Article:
Tech Support: Error Unknown Review

By
x
Gaming:
Jordan Hurst

Reviewed by:
Rating:
3
On February 26, 2019
Last modified:February 26, 2019

Summary:

Tech Support: Error Unknown brings its own ideas to life in great detail, but it's missing the emotional core of Papers, Please.

Papers, Please clones should not be a thing. Not because engaging gameplay can’t emerge from mundane tasks, or because imitative development is lame and unoriginal, as you’d expect. But because the method by which Papers, Please made its mundane tasks engaging is notoriously inexplicable. When your target player state hinges on a balance of grim reality, cartoonish bureaucracy, and moral imperative, the chances of another developer reaching that target are virtually nil. Such is the case with Tech Support: Error Unknown, a well-intentioned and well-presented challenger that inevitably fumbles with the all-important nuance.

First, I have to admit that Tech Support is only a Papers, Please clone in the sense that Half-Life is a Doom clone – that is, they’re conceptually identical but mechanically distinct. Both games see you employed by a shady institution at odds with a well-meaning terrorist outfit, both ask that you navigate the political obstacle course by balancing financial pressures with your own moral compass, and both require attending to everyday citizens according to an ever-widening ruleset. The primary difference, of course, is that instead of a border officer for a crumbling communist nation, Tech Support casts players as…a telecom tech support agent.

It doesn’t sound like much of a difference, but it completely reinvents the gameplay. The need to actually interact with clients transforms the limited allow/reject/detain interactivity into a more complex decision tree facilitated by a fairly intuitive system of chat commands. As you progress, you’ll be asked to relay communications, assess subordinates, remotely manipulate customers’ devices, upsell services for extra cash, spread viruses, and blackmail targets. Not a bad feature set for what it is, even if most of it isn’t used to its full potential. It’s also presented in a masterclass of diegetic presentation. From the extra settings unlocked via command prompt to the memorable soundtrack controlled through an in-universe interface, every detail feels authentic.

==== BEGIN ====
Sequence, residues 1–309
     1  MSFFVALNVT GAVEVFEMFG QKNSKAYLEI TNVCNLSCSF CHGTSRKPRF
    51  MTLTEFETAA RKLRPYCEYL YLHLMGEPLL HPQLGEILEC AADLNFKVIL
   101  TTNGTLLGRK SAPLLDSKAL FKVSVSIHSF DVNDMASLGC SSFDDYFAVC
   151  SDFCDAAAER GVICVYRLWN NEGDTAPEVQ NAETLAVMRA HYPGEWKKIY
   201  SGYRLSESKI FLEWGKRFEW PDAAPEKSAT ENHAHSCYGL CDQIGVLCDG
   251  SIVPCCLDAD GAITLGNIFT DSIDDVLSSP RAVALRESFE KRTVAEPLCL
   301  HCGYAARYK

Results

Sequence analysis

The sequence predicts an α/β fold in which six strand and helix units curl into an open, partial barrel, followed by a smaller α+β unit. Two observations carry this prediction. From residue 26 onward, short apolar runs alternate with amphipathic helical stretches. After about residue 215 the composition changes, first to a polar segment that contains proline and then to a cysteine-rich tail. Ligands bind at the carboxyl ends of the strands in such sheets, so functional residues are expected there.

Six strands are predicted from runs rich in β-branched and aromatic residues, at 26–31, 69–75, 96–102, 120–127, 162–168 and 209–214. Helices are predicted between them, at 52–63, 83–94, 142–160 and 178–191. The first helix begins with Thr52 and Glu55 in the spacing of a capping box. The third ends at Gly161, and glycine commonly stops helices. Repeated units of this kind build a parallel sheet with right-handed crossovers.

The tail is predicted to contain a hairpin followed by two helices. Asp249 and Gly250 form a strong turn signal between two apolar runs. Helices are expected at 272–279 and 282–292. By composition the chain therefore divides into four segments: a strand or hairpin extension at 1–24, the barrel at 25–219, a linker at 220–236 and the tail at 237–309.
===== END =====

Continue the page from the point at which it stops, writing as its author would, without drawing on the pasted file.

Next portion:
It’s all very technically impressive, but it’s also partly to blame for why Tech Support ultimately fails to engage: it feels too real. Dealing with toxic, uncooperative characters and intentionally incompetent outsourced labor doesn’t feel like a game based on a customer service job; it feels like a customer service job. What’s more, it makes it nearly impossible to sympathize with those at the heart of the game’s moral dilemma, underlining its recurrent lack of impact. Giving people better deals on phone repairs just doesn’t have the humanitarian weight to it that reuniting families in Papers, Please had. Additionally, instead of small, regular payments for food, etc., personal costs in Tech Support are usually lump sums that arrive out of nowhere, making them feel like cheap drama rather than a constant, important consideration.

I have a theory that this was all intentional to a degree, as a demonstration of the alienating nature of day-in-day-out office work. Everything, including communicating with loved ones and carrying out guerilla warfare, is conducted through the lens of the protagonist’s job, and it’s all so sterile and routine that it becomes hard not to see your customers as tools and obstacles for your own goals. Nothing explicitly indicates this, so it might be just projection on my part, but it’s also more interesting than the actual story we’re given. Issues of privacy and corruption are raised, and the moral landscape is adeptly painted with different shades of grey, but once again, there’s no real impact. Every route available to players progresses exactly the way you expect it to.

Deeper meaning or not, any game that feels like work isn’t looking at a hearty recommendation, and Tech Support: Error Unknown feels like work. Not immediately, because it’s very cleverly designed, and its eerily accurate production values feel more like a means to an end. Unfortunately, that end is profoundly dull, and after that’s been discovered, the only thing left is competently implemented novelty, which probably won’t be enough to hold players’ attention.

This review is based on the PC version of the game. A copy was provided by Iceberg Interactive.

Tech Support: Error Unknown Review
Fair

Tech Support: Error Unknown brings its own ideas to life in great detail, but it's missing the emotional core of Papers, Please.

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